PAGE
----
What is drawing? Is it the movement of a pencil? I s it wet media or dry media? Is it right now in this time? Is it all things to every artist? When did it start? why? where?Why do we still practice it?
When a baby is born they just mark. The cruel and unknowing call it scribbling. It is not. It is a way of controlling space. It is away of saying I am. It is a way of inter-acting with the world around it, the immediate world. It is communicating. Everything is new. Each mark, each line, each shape and if color is used, Whoa!!!!!

Drawing Vocabulary
Chiaroscuro: An Italian word designating the relative contrast of dark and
light in a drawing, painting or print. Artists use chiaroscuro to create
spatial depth and volumetric forms through slight gradations in the
intensity of light and shadow.
Contour lines: The lines that define the edge between two shapes, whether
negative or positive.
Contrast: The difference between to unlike things, such as a dark color and a
light color.
Form: A three-dimensional object or, in an artwork, the representation of a
three-dimensional object, defined by contour, height, depth, and width.
Line: A mark on a surface, usually created by a pen, pencil, or brush. Lines
vary in width, length, direction, color, and degree of curve, and can be
two-dimensional or implied.
Negative space: The empty space that surrounds and defines a form or
shape in an artwork.
Positive space: The space that a form or shape occupies in an artwork.
Shading: A way of showing gradual changes in lightness or darkness in a
drawing or painting. Shading helps make a picture look more threedimensional.
Techniques include blending, stippling, hatching, and
Shape: A two-dimensional figure created by connecting actual or implied lines
that enclose an area of space. A shape can be geometric (such as a
circle or square) or organic (having an irregular outline).
Value: The relative lightness or darkness of something.
Value scale: A series of blocks showing the gradual increase of shading

Steps to making a GOOD drawing
There are many ways to construct a good drawing. Composition is but one.
Some just start. Some thumbnail and do studieswhile others carefully construct grids and use projectors.
Basically it is a personal preference. The only person to answer to in the end is yourself.

Here is a step-by-step

1) Study what you are going to draw. Do thumbnails, establish light, a point of view or perspective. Then plan roughly your style of composition and do a modified contour drawing to get you started.
Some thumbnail and do studies while others carefully construct grids and use projectors.
2) Add value in a loose ly hatched manner to establish the light and dark and tonal character of the drawing.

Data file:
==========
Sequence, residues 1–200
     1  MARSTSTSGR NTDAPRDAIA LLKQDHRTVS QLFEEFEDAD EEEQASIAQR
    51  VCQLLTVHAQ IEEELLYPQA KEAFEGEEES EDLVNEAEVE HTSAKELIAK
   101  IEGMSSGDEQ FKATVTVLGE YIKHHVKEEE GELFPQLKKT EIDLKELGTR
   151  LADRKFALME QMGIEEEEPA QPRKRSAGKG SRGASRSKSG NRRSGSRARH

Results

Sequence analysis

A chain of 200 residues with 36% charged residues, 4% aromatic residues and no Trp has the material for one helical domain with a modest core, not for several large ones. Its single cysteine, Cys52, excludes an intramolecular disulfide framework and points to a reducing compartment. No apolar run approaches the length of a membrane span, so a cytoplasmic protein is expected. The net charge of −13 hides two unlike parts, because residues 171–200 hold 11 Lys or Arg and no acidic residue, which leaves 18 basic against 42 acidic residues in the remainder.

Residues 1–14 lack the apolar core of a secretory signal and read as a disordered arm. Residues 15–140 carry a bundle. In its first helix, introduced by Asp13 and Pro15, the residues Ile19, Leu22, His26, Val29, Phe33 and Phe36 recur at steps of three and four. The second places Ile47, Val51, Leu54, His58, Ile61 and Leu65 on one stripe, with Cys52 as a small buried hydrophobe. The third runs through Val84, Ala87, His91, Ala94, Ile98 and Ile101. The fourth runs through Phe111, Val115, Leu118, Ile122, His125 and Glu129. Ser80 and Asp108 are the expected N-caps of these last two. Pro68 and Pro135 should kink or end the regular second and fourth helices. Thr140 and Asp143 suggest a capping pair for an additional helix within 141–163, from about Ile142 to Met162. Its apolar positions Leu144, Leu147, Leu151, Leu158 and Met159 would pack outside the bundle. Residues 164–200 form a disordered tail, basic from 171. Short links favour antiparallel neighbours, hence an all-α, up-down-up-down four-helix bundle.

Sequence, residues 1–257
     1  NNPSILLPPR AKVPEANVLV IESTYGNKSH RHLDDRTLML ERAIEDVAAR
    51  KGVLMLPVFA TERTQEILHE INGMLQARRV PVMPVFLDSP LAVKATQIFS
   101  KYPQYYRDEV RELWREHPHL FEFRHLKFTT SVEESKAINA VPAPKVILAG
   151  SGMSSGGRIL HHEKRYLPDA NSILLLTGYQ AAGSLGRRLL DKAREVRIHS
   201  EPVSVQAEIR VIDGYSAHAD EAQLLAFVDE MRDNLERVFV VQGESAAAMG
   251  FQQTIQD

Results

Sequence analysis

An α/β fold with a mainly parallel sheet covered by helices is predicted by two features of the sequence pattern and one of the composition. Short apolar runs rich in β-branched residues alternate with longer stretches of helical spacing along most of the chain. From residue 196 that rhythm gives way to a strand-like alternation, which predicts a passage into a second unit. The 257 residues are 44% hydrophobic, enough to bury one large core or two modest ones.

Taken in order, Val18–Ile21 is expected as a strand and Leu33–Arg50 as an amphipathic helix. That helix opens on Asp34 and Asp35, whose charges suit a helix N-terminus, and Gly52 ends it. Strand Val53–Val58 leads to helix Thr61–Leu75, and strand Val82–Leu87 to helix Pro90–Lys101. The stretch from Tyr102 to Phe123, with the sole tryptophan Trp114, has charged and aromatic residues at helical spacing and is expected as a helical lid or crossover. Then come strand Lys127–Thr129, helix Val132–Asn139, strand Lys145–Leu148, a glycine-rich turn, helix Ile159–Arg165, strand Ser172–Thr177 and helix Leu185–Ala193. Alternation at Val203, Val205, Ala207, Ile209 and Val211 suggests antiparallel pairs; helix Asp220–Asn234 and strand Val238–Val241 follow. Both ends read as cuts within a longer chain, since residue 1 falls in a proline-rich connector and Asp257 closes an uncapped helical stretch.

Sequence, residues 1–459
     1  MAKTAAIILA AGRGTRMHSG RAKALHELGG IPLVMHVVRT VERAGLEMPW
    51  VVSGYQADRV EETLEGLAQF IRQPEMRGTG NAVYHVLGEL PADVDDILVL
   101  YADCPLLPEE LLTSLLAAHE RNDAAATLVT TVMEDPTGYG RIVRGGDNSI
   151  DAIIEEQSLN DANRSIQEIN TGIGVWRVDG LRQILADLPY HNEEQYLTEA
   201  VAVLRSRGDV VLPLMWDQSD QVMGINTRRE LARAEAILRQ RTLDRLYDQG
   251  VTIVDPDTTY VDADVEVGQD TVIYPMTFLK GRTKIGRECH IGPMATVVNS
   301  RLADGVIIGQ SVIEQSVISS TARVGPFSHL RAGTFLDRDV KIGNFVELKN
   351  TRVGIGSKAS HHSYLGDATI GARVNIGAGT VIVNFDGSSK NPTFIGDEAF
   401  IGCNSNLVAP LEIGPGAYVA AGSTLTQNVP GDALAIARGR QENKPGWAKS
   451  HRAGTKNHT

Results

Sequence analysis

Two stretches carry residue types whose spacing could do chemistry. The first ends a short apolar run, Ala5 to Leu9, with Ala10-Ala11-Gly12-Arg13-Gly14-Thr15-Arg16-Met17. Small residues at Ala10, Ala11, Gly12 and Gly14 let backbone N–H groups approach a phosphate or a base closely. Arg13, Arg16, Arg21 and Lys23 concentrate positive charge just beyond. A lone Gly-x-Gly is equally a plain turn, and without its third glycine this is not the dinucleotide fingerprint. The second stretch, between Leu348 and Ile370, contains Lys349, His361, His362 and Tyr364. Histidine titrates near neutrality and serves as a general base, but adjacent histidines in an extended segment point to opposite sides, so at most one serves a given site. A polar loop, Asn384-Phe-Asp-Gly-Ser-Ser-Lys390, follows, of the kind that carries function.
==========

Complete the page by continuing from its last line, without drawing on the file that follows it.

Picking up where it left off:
3) Now start drawing. Here you will establish your drawing style, expressive, loose, tight, controlling or super realistic abstract whatever suits your style.

4) The drawing is almost finished. Here you will add details or sharpen things up depending on your style or look.

5) Mount or matte the finished piece and hang it on the wall.

The Drawing Process
Drawing Process
a) study
b) obtain an interesting point of view
c) compose
d) contour
e) modified contour
f) map values
g) draw it

Drawing line and shape

Key concept line and shape

Objective: SW
a) learn to identify lines, characters and qualities
b) learn definiton of
c) formal and informal ways to draw lines through drawing exercises.
d) ditto for shape
e) learn that line defines shape.

a) intro to line, intro to shape ,see web site Line, see web site shape
b) descriptive words to describe lines
c) see doodle project - organic and geometric doodles
from the book "Drawing with Imagination"

*Project-Pen depth doodle drawing

**Key Concept: exploring line quality and character

Objective: Students will
a) Doodle
b) Show quality and characteristics of line
d) Illustrate different levels shape by line tone (a quality)

a) explore the concept of doodling conscious and subconscious c) Pencil or pen first to start.
b) Lines should overlap, interlock, move and suggest movement.
c) they should exhibit tonal qualities, and characteristics from descriptive list.
d) There is no starting over. Student must meet changes and flow with them.
e) Fluidity is important to the drawing.

Materials; 9x12 paper white, black ink, pens w/ drawing nibs
Artists: my examples, paul Klee. Mark Tobey, Pollock, other surrealist painters.

a) tie into objectives
b) use of line to determine space and depth (loose /open, tight/ close)
c) use of pen